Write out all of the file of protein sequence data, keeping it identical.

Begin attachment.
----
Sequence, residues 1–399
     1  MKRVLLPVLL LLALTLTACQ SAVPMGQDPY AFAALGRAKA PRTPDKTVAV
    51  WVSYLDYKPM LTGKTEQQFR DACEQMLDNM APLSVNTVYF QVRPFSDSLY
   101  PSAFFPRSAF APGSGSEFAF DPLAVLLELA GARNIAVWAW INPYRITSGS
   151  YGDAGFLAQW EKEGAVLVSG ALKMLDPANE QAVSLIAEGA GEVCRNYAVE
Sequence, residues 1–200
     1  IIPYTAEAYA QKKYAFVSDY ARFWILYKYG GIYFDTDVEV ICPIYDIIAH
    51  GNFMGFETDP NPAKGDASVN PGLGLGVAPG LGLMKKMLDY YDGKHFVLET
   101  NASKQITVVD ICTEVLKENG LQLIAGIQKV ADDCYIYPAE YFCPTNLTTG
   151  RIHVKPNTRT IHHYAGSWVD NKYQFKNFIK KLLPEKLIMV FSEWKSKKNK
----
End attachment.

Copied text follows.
Sequence, residues 1–399
     1  MKRVLLPVLL LLALTLTACQ SAVPMGQDPY AFAALGRAKA PRTPDKTVAV
    51  WVSYLDYKPM LTGKTEQQFR DACEQMLDNM APLSVNTVYF QVRPFSDSLY
   101  PSAFFPRSAF APGSGSEFAF DPLAVLLELA GARNIAVWAW INPYRITSGS
   151  YGDAGFLAQW EKEGAVLVSG ALKMLDPANE QAVSLIAEGA GEVCRNYAVE
Sequence, residues 1–200
     1  IIPYTAEAYA QKKYAFVSDY ARFWILYKYG GIYFDTDVEV ICPIYDIIAH
    51  GNFMGFETDP NPAKGDASVN PGLGLGVAPG LGLMKKMLDY YDGKHFVLET
   101  NASKQITVVD ICTEVLKENG LQLIAGIQKV ADDCYIYPAE YFCPTNLTTG
   151  RIHVKPNTRT IHHYAGSWVD NKYQFKNFIK KLLPEKLIMV FSEWKSKKNK